“The voyages to exotic Asian countries and the gripping race between the big climbing nations to be the first to reach the world’s highest peak was a very attractive mix to the people back home."
Bridge to modernity
The Swiss also used the icy heights of Everest as a laboratory. The fabled death zone was soon to become a global showcase for Switzerland to impress the world with its technological savvy.
Oxygen equipment, tents, ropes, insulated clothing, special footwear and watches, plus the use of radio - all this had the effect of giving an impression of rapid technological development in the Swiss expeditions, noted Purtschert.
"This was staged for the media, so that the warmly-clad climbers, who were reminiscent of astronauts, came to be seen as the epitome of technological progress. In 1960, Max Eiselin went a step further with the use of a small Pilatus Porter plane on the first ascent of Dhaulagiri – a first in Himalayan mountain climbing.”
Even so, it was also technology that had led to the failure of 1952 Swiss expedition to Everest, when their oxygen equipment proved insufficient to the task.
But the Himalayan expedition had made it possible for Switzerland to reinvent itself and provided the means to an urgently needed opening up to the world.
The nationalist rhetoric that had characterised mountaineering up to that time was now virtually absent. “For example,“ said Purtschert, “a protagonist of the Swiss Foundation for Alpine Research (SSAF), which organised, financed and marketed the expeditions, newly attributed the Swiss cross in the logo as a sign in the sense of the Red Cross logo, which was symbolic of coming together internationally.”
This stress on the international character of mountaineering was attributable to the end of the colonisation, coinciding with India's independence and the opening up of Nepal, said Purtschert.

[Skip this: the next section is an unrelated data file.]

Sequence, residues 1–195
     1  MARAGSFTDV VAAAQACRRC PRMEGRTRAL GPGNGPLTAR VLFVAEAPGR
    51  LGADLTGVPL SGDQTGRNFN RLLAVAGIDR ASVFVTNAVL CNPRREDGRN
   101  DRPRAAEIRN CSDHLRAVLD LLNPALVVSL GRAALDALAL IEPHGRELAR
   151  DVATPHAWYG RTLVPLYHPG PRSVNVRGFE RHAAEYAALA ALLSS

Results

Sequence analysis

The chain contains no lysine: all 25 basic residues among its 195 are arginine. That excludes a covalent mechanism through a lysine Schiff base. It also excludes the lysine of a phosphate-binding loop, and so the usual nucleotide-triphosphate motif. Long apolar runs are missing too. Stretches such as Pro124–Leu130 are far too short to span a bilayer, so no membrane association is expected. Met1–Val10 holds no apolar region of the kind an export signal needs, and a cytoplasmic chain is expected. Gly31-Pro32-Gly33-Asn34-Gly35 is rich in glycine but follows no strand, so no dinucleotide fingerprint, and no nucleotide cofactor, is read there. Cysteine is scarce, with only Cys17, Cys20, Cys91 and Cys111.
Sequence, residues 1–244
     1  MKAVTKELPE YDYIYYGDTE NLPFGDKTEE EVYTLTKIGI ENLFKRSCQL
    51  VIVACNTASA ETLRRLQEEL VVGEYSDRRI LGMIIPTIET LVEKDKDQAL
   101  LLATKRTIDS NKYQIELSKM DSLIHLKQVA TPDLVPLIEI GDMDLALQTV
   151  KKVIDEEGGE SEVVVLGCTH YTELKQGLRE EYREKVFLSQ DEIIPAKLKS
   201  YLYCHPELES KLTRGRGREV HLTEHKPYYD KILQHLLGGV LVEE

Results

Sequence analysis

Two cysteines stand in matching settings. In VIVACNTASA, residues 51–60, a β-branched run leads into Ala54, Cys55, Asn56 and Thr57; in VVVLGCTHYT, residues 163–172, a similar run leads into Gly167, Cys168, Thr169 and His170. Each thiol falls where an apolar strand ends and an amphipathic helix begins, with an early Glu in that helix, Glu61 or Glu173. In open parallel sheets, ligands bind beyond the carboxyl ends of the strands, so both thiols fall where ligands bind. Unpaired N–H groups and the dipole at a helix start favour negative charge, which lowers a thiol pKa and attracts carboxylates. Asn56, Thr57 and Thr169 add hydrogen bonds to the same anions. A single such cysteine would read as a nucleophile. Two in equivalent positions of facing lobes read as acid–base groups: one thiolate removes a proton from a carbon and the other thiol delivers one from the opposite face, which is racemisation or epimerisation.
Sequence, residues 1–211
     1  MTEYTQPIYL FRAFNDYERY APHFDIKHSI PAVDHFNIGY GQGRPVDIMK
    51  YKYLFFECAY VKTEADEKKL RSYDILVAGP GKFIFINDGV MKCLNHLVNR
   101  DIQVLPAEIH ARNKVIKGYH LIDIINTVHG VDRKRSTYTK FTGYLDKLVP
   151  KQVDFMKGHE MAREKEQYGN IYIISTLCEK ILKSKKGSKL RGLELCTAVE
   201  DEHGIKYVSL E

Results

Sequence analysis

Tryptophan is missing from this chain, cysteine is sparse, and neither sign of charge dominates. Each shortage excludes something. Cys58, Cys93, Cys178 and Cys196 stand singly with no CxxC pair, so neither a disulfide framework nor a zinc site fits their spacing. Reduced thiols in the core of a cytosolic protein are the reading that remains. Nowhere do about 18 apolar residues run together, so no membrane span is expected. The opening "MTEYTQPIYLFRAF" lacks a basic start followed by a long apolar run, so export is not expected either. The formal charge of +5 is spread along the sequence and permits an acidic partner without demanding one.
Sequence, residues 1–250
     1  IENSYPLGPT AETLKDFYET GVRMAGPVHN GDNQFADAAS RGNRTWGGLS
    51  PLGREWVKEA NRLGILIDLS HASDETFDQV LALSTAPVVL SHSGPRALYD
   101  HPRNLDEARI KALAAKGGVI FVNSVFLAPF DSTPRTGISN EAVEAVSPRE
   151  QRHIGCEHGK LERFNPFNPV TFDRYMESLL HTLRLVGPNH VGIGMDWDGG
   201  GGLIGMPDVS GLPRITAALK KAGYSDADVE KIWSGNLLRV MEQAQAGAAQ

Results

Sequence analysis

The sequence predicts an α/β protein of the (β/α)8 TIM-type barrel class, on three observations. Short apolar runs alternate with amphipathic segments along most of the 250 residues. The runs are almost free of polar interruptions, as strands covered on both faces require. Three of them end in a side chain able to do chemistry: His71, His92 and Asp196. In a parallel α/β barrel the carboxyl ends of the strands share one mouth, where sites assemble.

"Decolonisation also made Switzerland aware that they too needed to change their approach.” Not coincidentally, Nepal became the first priority country chosen for Swiss development aid.
Nevertheless, the mountaineers continued to embody very traditional values, especially with regards to gender, Purtschert observed critically. "Women were always depicted as waving goodbye at the airport to the male heroes going out into the world."
"Himalaya Report Mountaineering in the Media Age" may be seen at the Alpine Museum in Bern Switzerland through July 26, 2015. The exhibition ranges from the first-ever photographs made of K2 by Himalayan pioneer Jules Jacot Guillarmod, a native of canton Neuchâtel, to the first mountaineering movie, from 1934, which portrayed Swiss climbers on Gasherbrum I at over 7000-metres altitude and was shot by Günter Oskar, to the multimedia events of today's extreme mountain climbers Ueli Steck and Stephan Siegrist.
At the centre are numerous artefacts of Himalayan expeditions - photographic, film and sound recordings, by, among others, Aleister Crawley, Günter Oskar Dyhrenfurth, Jules Jacot Guillarmod, Gerlinde Kaltenbrunner, Reinhold Messner, Stefan Siegrist and Ueli Steck. The museum has set up an open blog on its website especially for the exhibition (http://himalayareport.tumblr.com/)
On October 24, 2014, the estate of Erhard Loretan will be transferred to the Alpine Museum. Daniel Loretan will present the museum with the tape recordings of his brother, who had a fatal accident on the Grünhorn in 2011. Erhard Loretan, who was from the canton of Fribourg, was the third climber who managed to climb all fourteen of the world’s highest mountain peaks (over 8000 metres).
(Translated from German by Kathleen Peters), swissinfo.ch